The North American International Auto Show is one of the premiere events for the international automakers and a must-see for the media who want to be up on all the newest developments. What else would get us to gather in downtown Detroit in the middle of winter? While it's exciting to be one of the first to see all the new production and concept vehicles, the best part of being at the NAIAS is getting a feel for the trends the OEMs are setting with each vehicle unveiling. Sometimes the carmakers are showing you bits and pieces of production cars that are already in the works, and oftentimes the public's reaction will inevitably dictate whether a styling or technology trend makes it into production. We were there trying our best to read between the lines and want to share with you our take on upcoming 4x4s.
Build This Jeep!
If DaimlerChrysler doesn't build the Rescue it will be a mistake. Making the transition from concept vehicle to production vehicle could be as easy as leveraging the Heavy Duty Ram platform for the chassis and drivetrain and putting a new Jeep body on it. A fullsize Wrangler on 38s sounds good to us, don't you think? Depending on the marketplace, the Jeep Rescue could be positioned as an H2 competitor with the upscale high-adventure interior and air suspension shown in this concept, or as a back-to-basics SUV that would have all the hard-core components (like a Hemi V-8 or Cummins diesel) for us gearheads who want a larger 4x4. The styling is 99 percent of the way there (don't hold your breath for the carbon-fiber body!), because the Jeep look has never strayed from what it should be. Give us front and rear lockers (they only exist on paper for AAM axles at this point), the option of a manual transmission (the concept had it), and 37-inch MT/Rs on Hutchinson bead-lock wheels and we'll wheel a path to the dealership.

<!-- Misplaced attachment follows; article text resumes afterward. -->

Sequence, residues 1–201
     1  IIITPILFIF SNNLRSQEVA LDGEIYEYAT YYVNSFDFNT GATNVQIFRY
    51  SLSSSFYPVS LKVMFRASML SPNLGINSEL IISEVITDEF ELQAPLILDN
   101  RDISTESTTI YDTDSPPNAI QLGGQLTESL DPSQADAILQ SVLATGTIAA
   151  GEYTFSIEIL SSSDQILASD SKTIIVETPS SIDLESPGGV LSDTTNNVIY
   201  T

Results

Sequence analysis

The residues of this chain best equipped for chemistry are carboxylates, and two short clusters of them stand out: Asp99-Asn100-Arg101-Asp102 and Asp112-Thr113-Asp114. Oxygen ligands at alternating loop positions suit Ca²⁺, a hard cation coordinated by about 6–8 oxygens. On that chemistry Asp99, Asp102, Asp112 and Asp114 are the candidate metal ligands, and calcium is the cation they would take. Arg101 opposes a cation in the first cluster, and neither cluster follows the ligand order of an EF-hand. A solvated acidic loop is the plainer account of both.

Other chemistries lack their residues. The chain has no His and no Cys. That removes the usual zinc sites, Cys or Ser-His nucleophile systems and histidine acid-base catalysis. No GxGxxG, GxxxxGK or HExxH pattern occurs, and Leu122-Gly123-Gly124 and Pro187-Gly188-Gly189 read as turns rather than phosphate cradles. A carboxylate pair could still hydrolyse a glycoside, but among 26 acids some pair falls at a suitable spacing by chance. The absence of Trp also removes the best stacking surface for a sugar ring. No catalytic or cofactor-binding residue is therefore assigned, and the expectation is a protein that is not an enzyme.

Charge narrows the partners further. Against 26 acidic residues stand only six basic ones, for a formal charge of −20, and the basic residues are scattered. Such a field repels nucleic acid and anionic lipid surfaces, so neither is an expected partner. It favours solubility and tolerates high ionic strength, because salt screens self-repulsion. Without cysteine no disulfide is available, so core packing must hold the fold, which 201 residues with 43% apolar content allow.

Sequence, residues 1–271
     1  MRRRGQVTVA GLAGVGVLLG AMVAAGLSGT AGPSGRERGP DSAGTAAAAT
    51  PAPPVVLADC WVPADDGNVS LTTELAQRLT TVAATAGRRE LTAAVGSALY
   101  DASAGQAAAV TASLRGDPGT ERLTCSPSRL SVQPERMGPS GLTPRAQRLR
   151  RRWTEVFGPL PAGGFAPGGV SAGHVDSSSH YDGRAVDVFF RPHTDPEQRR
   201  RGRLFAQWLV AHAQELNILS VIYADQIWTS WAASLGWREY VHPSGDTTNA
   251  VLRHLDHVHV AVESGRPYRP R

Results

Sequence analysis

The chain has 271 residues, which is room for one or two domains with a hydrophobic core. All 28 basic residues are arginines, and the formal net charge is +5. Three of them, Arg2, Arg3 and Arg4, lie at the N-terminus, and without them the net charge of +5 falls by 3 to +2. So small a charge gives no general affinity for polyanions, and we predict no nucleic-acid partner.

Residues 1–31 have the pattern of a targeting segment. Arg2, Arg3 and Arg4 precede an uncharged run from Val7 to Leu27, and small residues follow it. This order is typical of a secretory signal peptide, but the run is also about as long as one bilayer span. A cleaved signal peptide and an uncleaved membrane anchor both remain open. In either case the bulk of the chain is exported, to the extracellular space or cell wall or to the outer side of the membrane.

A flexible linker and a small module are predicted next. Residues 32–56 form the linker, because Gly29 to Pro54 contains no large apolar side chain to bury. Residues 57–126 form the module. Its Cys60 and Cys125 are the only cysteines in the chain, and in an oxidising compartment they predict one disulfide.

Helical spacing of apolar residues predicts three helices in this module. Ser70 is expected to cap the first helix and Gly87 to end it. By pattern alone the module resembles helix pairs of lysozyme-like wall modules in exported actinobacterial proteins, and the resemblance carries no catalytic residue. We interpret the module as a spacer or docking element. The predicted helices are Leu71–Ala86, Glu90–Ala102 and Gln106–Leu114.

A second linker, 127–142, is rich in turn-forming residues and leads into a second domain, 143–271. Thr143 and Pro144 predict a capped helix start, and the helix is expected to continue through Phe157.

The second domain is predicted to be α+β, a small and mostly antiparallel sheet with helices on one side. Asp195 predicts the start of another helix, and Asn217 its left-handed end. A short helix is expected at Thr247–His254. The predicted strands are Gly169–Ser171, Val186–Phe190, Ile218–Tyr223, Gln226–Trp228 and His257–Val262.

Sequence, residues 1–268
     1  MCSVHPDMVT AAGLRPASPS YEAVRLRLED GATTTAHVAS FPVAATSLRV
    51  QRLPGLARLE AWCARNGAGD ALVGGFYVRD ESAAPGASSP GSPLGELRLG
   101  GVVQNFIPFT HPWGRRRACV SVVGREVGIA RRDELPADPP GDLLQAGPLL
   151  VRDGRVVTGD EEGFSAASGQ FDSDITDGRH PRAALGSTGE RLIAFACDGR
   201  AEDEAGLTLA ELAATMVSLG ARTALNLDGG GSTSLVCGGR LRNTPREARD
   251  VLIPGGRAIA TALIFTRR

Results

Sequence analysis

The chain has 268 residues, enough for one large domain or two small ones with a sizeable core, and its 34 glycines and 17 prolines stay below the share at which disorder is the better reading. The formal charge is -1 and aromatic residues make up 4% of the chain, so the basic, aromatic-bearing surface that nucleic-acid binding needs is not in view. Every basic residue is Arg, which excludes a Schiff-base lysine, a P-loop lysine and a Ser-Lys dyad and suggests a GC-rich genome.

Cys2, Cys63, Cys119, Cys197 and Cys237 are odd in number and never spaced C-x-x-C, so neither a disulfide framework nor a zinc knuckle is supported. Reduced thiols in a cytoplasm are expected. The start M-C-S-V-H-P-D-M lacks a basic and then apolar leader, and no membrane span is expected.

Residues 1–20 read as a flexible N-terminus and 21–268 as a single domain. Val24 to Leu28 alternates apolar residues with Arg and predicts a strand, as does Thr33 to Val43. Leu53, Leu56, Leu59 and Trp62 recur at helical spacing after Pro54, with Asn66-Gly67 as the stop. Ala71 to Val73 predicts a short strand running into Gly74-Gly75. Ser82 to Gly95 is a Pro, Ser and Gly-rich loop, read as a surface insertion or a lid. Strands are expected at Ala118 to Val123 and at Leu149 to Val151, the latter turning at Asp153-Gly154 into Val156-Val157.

Bronco Could Go Either Way
It's no secret Ford is relying on retro-styling for its most exciting new vehicles ('04 GT and '05 Mustang), so it shouldn't surprise you Ford's latest 4x4 concept looks an awful lot like a '66-'77 Bronco. But what you don't know is that the idea of a new Bronco has been kicked around inside Ford for years as both a large SUV built on the Super Duty platform and as a Wrangler-size SUV built off the Ranger platform. It's hard for us to predict which version will see production when it doesn't seem that Ford's even figured it out yet! Given the success of the H2 and the appearance of the Jeep Rescue concept this year we'd like to say a fullsize Bronco is in the future, but our Ford sources are giving us a vibe that it's leaning toward a smaller vehicle for the off-road market. The fact that this new concept Bronco looks so much like the original reinforces that assumption. Please, Ford, just don't rebadge the Escape with the Bronco name.
In other Ford news we've seen some prototype '05 Super Dutys running around with solid axles (Dana 60) and coil-sprung front suspensions similar to what Dodge offers on its Ram HDs. And we're hearing reports of a larger, 6.4L Power Stroke diesel engine in the works. We've even started fielding questions from Ford personnel about what kind of hardware we'd like to see in the ultimate 4x4...could be something, could be nothing. We'll keep our fingers crossed!